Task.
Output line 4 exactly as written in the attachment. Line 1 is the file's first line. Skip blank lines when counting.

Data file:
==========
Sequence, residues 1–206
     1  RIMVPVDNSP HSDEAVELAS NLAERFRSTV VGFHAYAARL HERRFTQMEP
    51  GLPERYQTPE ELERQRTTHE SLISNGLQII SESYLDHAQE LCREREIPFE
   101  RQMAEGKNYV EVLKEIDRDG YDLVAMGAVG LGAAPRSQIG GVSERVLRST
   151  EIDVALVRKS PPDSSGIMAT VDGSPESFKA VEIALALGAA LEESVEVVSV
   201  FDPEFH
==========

   101  RQMAEGKNYV EVLKEIDRDG YDLVAMGAVG LGAAPRSQIG GVSERVLRST